As we stood looking at the descent, Phil dislodged a rock and sent a small pile of rotten rock careening down in front of us. Phil was very close to following down after it. We set a rappel and took our turns descending into the notch. At the narrow base, it’s less than 15 m wide, we crossed and then immediately scrambled up 30 metres to the top of the ridge. We were all happy to scramble out of the notch and back on the move toward Bonanza Peak.
As we approached Bonanza we started to see a possible route up the aggressive looking rock. Our research called the route class four but by my standards it was more complicated. The scrambling is easy enough and except for one obstacle it would be easy. After climbing a short section we had to traverse to the left before continuing up another short section; but, in the middle of the traverse there is a large chockstone sitting on the very narrow ledge.
From my perspective, the body-sized stone looks to be resting against the rockface. I wasn’t ready to scramble over it without using a rope. Phil didn’t care. He climbed up and over it and then up to the ridge above, where he found a rappel station. He used this station to top belay us up. Finally, I was confident enough to put my own weight on the rock and climb up. Of course, the rock held our weight. This ascent was the final obstacle on our way to the summit, the remainder of the route was easy. We walked the choss on up to the slab summit and hopped a narrow gully to stand at the cairn by 4:00pm.
Our return to the pass below Ashwood was just as fun. We rappelled down, bypassing the chockstone on bonanza, and even set a rappel down into the notch between the ridge and Ashwood –hey we had the rope! Once at the base of the notch I wished we had brought an extra rope. We could have left it in place for the return trip. Instead, Phil free soloed up rock to the anchor above. Again top belayed us. The challenging section of this pitch is only about 5 metres in height, but the rock quality is terrible. As Phil climbed, I stood off to the side. He dislodged multiple rocks that nearly hit me. I was happy to be top belayed up this short section.
Once we were back at our bags we set a quick pace and followed a variation of our original route to join up with our ascent route. Once below the exposed ridge, the bugs returned. There was no shaking them, as we descended they harassed us. Every few seconds we wiped the back of our arms, our faces, and any exposed skin to remove the bugs. We arrived back at the jeep at 8:00 pm. We still had more than an hour of light in the day to find a camp and get some dinner. We loaded into the vehicle and descended and found our camp for the night at Ida Lake Forest Rec site. We prepared water and planned our route for our second day in the Bonanza Range.
These two peaks were among my favourite of the year; but they earned a particularly loathsome name: The Buganza Range! Before heading to bed I tried to count the bites on the back of my arms. I stopped at two-hundred. There were many more across my hands and neck that I never counted. I did something I’ve never done before, I popped an antihistamine. As I slept the blackfly bites activated. I woke several times and by the next morning the back of each arm was swollen with bites. I’m not one to be bothered by bug bites but these were a nuisance. Over the next three days the swollen blackfly bites would chafe against my shirt, and eventually scab over!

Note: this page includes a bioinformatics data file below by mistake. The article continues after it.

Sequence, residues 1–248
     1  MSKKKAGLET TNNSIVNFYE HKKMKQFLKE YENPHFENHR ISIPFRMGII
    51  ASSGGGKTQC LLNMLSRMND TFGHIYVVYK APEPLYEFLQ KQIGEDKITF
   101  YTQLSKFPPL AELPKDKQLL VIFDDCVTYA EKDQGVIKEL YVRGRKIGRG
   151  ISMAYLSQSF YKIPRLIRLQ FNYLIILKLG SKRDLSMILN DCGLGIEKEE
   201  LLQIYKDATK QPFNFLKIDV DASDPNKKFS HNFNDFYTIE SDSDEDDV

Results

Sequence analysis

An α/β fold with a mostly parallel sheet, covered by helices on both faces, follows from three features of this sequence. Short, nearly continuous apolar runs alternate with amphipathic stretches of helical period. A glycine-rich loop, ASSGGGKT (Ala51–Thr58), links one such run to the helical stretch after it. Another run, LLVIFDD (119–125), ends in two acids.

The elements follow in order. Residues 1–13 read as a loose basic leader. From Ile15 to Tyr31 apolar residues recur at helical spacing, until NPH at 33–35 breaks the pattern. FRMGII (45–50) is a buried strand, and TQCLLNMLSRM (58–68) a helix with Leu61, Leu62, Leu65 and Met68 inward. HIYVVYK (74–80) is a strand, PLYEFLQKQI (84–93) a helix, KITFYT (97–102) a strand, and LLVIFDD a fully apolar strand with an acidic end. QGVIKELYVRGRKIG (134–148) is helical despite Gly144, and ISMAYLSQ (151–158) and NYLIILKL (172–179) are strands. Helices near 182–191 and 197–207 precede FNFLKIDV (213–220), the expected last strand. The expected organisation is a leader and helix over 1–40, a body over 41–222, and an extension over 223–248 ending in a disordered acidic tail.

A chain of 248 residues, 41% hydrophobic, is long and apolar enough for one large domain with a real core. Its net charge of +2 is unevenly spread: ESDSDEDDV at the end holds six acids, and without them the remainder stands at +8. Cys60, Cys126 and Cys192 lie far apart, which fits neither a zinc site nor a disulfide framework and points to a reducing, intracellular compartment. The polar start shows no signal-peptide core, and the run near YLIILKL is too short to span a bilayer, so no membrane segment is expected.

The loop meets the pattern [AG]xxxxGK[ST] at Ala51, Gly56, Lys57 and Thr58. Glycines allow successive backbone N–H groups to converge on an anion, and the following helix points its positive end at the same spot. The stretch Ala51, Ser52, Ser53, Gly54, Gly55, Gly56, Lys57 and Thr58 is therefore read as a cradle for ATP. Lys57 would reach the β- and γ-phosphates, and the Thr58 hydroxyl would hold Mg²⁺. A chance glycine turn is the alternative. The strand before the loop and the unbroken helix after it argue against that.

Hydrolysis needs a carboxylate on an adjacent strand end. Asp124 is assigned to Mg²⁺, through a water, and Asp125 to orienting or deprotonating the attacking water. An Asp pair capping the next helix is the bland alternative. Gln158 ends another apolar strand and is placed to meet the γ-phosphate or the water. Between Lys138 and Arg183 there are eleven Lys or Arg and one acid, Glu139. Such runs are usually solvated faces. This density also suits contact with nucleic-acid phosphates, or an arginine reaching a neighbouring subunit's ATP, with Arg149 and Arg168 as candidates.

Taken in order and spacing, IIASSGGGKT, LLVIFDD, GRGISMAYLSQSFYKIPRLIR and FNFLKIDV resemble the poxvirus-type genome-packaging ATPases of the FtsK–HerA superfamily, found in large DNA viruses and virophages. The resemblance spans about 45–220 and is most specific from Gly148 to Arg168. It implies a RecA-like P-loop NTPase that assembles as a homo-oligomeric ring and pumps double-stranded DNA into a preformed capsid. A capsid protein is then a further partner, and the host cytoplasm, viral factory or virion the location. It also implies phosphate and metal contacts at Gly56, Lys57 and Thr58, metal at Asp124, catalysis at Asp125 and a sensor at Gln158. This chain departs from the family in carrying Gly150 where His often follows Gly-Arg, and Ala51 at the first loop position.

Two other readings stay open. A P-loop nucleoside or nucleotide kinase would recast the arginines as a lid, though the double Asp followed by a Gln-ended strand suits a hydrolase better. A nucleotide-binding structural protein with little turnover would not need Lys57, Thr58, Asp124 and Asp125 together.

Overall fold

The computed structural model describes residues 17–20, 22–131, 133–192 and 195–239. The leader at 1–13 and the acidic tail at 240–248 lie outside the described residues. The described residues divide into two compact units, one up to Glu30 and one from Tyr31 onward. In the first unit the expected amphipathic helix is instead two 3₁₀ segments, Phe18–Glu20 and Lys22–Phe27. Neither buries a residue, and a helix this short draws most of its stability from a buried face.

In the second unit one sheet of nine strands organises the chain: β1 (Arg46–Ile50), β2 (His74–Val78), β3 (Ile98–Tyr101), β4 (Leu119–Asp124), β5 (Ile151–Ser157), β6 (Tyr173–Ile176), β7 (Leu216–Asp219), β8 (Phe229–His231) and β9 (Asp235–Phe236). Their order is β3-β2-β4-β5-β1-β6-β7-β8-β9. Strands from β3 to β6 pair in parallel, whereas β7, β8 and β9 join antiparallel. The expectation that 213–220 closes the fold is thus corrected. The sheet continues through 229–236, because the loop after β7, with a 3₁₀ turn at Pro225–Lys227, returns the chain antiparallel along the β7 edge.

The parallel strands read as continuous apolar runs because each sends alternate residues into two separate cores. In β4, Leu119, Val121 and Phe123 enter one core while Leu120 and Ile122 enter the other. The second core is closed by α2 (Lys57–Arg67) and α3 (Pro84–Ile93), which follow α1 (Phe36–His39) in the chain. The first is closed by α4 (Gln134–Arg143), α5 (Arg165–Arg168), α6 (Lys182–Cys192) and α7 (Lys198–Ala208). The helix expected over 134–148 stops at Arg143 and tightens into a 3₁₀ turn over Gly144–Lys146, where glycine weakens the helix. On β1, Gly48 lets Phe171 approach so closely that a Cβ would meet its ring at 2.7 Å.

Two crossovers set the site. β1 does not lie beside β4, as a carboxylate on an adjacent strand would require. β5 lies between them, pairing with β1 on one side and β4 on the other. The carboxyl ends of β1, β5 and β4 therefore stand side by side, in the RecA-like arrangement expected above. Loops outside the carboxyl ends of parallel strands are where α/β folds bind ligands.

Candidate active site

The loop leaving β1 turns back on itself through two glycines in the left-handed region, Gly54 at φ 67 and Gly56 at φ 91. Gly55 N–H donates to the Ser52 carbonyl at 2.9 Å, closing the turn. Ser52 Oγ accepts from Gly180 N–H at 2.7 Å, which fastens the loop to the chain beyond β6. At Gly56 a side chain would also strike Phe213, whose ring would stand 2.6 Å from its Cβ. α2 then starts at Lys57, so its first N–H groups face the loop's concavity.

As I crawled into my sleeping bag, the blackfly bites activated. I woke several times throughout the night and by the next morning the back of each arm was doubled in size. I’m not one to be bothered by bug bites but these were a particular bother! It was a great first day in the Bonanza Range, and the next three days would see us mount most of the peaks in the range. You can read my other adventures here. (coming soon)
Read more about my trip in the Bonanza Range:
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Hi Mathew, I attempted Whiltilla Peak from the North side last summer, very steep, I was solo and managed to scale the wall to within a 150 meters of the summit plateau but the hand holds seemed to disappear from the rock face the higher I got making it very sketchy… My attempt to traverse around the summit massive to the less steep South approach ended at a very steep gorge that dropped to the valley below… The next time I go I will take the southern logging spur and go in from the less dramatic side..
WOW! That does sound dramatic! After that exciting route, you’ll probably find ours a bit boring! Let me know if you do it.
do you know: Is there a lot of snow up there this time of year?
Hi Michelle, Your best bet is to use a service like Sentinel Hub Playground to see what’s happening. My bet would be that there is a fair amount of snow.